If you have an unusual collection you are hoping to display in a bucolic country spot, this quirky 1930s structure masquerading as an 18th century stone house might present the perfect opportunity.
Set on just under nine acres of land, the stone house at 4938 US Highway 209 in Accord, N.Y. was built in 1937 for use as a game house. Along with another cottage on the property, it’s now on the market.
Once part of the much larger Appeldoorn Farm, the property was the country estate of Howard C. Sykes. While Sykes was a Wall Street man, this wasn’t just an old farm he purchased to gussy up for use as a country retreat. He had a rich family history on the land.
At the center of the estate was the Schoonmaker land, first farmed by Benjamin and Catrina Schoonmaker in 1722. Howard’s mother, Alice Adele Schoonmaker Sykes, was a descendant and in 1928 Howard and his brother Edward took over management of the family land, with Howard seemingly taking the larger role.
The farm was christened Appeldoorn in the 20th century as the Sykes family increased their land holdings, restored a historic house and constructed new buildings on the property. The almost 140 acres of land remained in family hands until it was sold in 2005. Today, there is a conservation easement protecting the historic farm from development, including the small portion of land that is currently on the market.
The rich history of the farm was documented in a 2010 historic resource survey and the entire property was listed on the National Register in 2013. The detailed report records the history of the farm from the 18th through the 20th centuries, including the major building projects of Sykes in the 1930s.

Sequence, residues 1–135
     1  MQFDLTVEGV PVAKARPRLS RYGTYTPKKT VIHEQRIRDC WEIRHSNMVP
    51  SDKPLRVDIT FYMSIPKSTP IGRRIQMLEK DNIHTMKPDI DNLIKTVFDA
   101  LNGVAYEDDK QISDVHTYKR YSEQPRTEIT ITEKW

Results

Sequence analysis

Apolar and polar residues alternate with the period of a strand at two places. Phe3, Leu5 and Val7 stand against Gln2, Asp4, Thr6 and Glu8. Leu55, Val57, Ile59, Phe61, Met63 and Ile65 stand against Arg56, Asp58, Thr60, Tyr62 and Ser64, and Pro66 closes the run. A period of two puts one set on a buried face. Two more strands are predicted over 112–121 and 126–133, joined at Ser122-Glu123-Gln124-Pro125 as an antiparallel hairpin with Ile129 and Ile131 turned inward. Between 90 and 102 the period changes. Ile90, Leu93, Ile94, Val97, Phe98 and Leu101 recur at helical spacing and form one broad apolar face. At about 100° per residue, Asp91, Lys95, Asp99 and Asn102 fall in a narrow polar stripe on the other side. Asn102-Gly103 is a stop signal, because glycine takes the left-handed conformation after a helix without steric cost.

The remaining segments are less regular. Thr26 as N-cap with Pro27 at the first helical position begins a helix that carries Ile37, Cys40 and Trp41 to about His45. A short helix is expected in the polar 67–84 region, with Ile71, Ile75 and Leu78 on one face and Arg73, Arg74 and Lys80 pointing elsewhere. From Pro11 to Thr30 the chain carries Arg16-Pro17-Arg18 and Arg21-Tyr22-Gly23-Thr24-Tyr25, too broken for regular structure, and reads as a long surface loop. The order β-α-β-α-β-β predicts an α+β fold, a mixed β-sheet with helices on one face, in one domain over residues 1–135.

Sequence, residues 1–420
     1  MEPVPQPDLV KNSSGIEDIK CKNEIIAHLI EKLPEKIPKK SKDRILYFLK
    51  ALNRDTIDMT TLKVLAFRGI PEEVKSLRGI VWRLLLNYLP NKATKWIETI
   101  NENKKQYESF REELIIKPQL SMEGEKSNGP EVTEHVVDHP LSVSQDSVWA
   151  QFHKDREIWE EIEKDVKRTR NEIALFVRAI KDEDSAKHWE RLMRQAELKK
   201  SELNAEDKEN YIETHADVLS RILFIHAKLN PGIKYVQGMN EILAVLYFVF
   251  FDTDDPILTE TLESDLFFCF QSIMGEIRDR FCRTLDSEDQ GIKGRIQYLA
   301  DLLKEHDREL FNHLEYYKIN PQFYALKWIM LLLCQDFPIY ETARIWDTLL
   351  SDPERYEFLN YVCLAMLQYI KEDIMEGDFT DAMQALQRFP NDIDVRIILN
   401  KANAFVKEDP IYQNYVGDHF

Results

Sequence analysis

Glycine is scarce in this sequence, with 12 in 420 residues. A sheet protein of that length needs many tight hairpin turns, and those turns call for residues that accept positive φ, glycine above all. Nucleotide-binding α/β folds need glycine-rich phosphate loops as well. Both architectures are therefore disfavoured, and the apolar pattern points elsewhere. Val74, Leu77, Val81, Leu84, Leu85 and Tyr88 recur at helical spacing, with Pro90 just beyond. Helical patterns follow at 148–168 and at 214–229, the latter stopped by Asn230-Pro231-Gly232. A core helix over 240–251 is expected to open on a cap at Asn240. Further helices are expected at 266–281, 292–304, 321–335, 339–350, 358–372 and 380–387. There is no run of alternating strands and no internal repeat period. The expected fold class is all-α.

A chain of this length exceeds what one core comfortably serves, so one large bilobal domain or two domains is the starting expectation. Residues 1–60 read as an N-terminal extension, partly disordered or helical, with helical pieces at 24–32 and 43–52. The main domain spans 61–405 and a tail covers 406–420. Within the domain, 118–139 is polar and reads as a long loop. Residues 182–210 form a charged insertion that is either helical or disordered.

In 1931, Howard C. Sykes hired local Ulster County architecture firm Teller & Halverson, specialists in colonial dwellings, to restore and modernize the original 18th century Schoonmaker family house. Myron Teller, in particular, was a stone house enthusiast known for his restoration of multiple 18th century properties in and around Kingston as well as his design of new “colonial” buildings in partnership with Halverson.
Sykes engaged the firm again in 1937 to build a new structure that would be in keeping with the stone house aesthetic but used for a very specific purpose, a game house to showcase the trophies of the family’s hunting exploits.
In 1937, the Kingston Daily Freeman reported on plans for this “fine new improvement” at the Sykes’s property. The article reported that the size of the Schoonmaker farm had been increased that year when Sykes purchased the adjacent DeWitt farm, which added about 80 acres of land and a house “in the dilapidated condition characteristic of many of the old stone houses” and a “venerable barn.” Teller & Halverson would take advantage of that house and barn by using beams and stone to create a game house that was largely a historic homage on the exterior and suited for a modern use on the interior.
The timing of the construction of the game house was not coincidental. While the house was under construction, Howard and Laura Sykes, along with their sons Walter and Calvin, were on a ten-week safari in East Africa. The family hunting trip was being led by guide J.A. Hunter, who later detailed his life of adventure in books such as “White Hunter” and “African Bush Adventures,” and in a 1952 article for Life Magazine, complete with pictures taken by young Walter Sykes. The trip resulted in the kill of hundreds of animals; heads, pelts and other artifacts were carted back to New York for display in the new game house.
Later generations have focused on conservation rather than killing for sport. Filmmaker Hunter Sykes, the great-grandson of Howard and Laura, and guide and conservationist Alex Hunter, a grandson of J.A. Hunter, have teamed up on a documentary about the legacy of their families. Currently in production, “The Hunter Legacy” will retrace the route of that 1937 safari to learn how the landscape has changed and explore the contemporary environmental issues facing East Africa. The production will take advantage of film footage from that original safari and photographs and journals kept by the Sykes family.